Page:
“Protecting the resource space is beneficial for agriculture,” said Leslie Roche, UCCE specialist in rangeland management. “We know that in these landscapes, livestock prefer the more diverse meadows, and we know that meadows with a diverse forage base have greater quality. So that’s a win for both agriculture and for diversity.”
As a rancher and a UCCE livestock advisor in Siskiyou County, Carissa Koopmann Rivers said grazing not only helps to reduce fuel loads but also allows more diverse plants to establish by cleaning up dominant species that tend to shade and choke out new seed banks, preventing them from germinating. Having a mosaic layout of forages is nutritionally beneficial for wildlife and livestock, she noted.
By employing management practices such as cross-fencing and developing water facilities for livestock, Koopmann Rivers said ranchers can control their livestock and distribute them more efficiently across the land so that they’re not overgrazing in one area.
“The ranching community has come a long way,” she said. “There’s been a lot of intensive grazing in the past and we’ve learned from that. Folks that have ecological concerns about livestock grazing on California landscapes have to look at it like this: It’s not the animals; it’s the management of the animals. Once managed correctly, they’re a very great tool.”
Roche is currently leading a study examining the effects of post-wildfire grazing, which BLM has restricted to no sooner than two years after a fire, even though limited research exists on what’s an appropriate length of time livestock should stay off recently burned areas, she noted. The concern with the two-year rule, she said, is that invasive weeds such as cheatgrass could move in and overtake the landscape, creating a fire hazard.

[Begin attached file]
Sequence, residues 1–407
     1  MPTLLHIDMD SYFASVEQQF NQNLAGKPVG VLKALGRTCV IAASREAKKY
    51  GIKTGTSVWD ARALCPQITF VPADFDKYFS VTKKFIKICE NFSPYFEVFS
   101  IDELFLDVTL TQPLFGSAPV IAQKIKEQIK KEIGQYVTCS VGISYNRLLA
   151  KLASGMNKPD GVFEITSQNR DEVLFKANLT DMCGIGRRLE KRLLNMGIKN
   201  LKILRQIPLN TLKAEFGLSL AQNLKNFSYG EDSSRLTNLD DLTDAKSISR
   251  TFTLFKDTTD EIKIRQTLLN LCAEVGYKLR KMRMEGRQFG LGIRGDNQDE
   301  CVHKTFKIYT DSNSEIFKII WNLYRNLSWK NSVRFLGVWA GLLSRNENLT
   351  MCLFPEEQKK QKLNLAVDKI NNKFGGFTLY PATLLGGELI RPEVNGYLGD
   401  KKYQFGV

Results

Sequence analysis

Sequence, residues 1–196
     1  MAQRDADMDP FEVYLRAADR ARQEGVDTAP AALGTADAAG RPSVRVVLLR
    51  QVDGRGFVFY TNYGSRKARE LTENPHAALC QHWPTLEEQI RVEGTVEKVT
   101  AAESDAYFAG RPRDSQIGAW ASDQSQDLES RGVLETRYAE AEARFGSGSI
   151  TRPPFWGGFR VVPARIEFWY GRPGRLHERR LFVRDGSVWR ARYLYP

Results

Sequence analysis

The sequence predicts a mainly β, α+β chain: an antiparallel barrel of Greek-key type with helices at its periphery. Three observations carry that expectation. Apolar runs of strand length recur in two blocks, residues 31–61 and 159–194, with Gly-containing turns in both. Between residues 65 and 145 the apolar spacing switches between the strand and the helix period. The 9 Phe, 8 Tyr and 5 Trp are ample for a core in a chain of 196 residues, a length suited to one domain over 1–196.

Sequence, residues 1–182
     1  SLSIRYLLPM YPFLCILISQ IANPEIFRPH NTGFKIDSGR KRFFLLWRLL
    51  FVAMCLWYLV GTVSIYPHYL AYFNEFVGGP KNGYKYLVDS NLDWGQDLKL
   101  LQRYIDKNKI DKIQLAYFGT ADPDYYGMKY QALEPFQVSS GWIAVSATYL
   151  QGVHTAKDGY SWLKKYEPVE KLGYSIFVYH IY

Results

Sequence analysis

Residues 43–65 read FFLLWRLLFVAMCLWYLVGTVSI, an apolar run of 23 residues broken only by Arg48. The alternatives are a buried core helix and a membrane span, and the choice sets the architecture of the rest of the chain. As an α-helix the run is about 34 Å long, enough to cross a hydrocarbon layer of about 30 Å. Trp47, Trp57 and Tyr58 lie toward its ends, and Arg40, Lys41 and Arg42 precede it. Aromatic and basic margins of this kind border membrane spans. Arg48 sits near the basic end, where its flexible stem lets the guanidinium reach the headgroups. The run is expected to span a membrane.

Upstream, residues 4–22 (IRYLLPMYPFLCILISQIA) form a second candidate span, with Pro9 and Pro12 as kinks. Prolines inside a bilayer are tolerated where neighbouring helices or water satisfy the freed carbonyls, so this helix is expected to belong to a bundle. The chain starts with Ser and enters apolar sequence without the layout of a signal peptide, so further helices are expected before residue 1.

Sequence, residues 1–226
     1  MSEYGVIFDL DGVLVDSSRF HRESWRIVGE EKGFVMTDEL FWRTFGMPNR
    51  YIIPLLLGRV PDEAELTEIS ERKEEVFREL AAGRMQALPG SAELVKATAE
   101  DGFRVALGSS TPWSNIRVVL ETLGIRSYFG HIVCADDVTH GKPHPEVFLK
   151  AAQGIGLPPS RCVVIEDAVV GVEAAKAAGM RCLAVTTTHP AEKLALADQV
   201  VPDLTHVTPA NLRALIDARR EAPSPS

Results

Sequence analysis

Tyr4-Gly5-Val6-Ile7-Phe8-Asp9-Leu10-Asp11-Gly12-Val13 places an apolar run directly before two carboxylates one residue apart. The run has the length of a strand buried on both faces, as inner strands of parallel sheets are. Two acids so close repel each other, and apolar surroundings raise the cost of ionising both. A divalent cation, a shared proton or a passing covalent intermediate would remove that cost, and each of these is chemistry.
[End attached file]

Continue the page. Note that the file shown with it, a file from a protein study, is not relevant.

“If you’ve taken one of the tools—grazing—off the table, then you’ve hampered your ability to control that invasion,” she said.
In this contemporary era of grazing management, Tate said he is “fairly confident” that livestock numbers could come back up on public lands for vegetation management while still safeguarding riparian areas and other habitat. But he emphasized good management also takes time and labor, and in the end, those management goals—whether for vegetation or conservation—must work for the rancher.
“It’s got to be profitable. You can’t do it for free and you certainly can’t do it for a loss,” he said.
Land management agencies, however, continue to be hamstrung by fierce opposition to grazing by some groups, he noted, and that limits their ability to adapt and to use grazing as a tool. This inflexibility in policy continues to drive down AUMs. But ranchers and others agree that with the state facing a drier future, more needs to be done to ensure better prevention of forest fires.
With enough flexibility in policy, Tate said livestock could be used on public lands that have high fuels during a drought or during a period of high wildfire risk, while at the same time alleviating pressure on private rangelands and on some of the need to feed hay.
“If we learned anything from the Valley Fire or the Napa Fire or the Butte Fire—where the fires are now not out in the wilderness and abstract and just annoyingly smoky but burning up towns—it’s that we seriously have got to look at using all the available tools to manage our vegetation in a drying, fire-prone system,” he said.
Permission for use is granted by the California Farm Bureau Federation. Ching Lee is an assistant editor of Ag Alert. She may be contacted at email@example.com.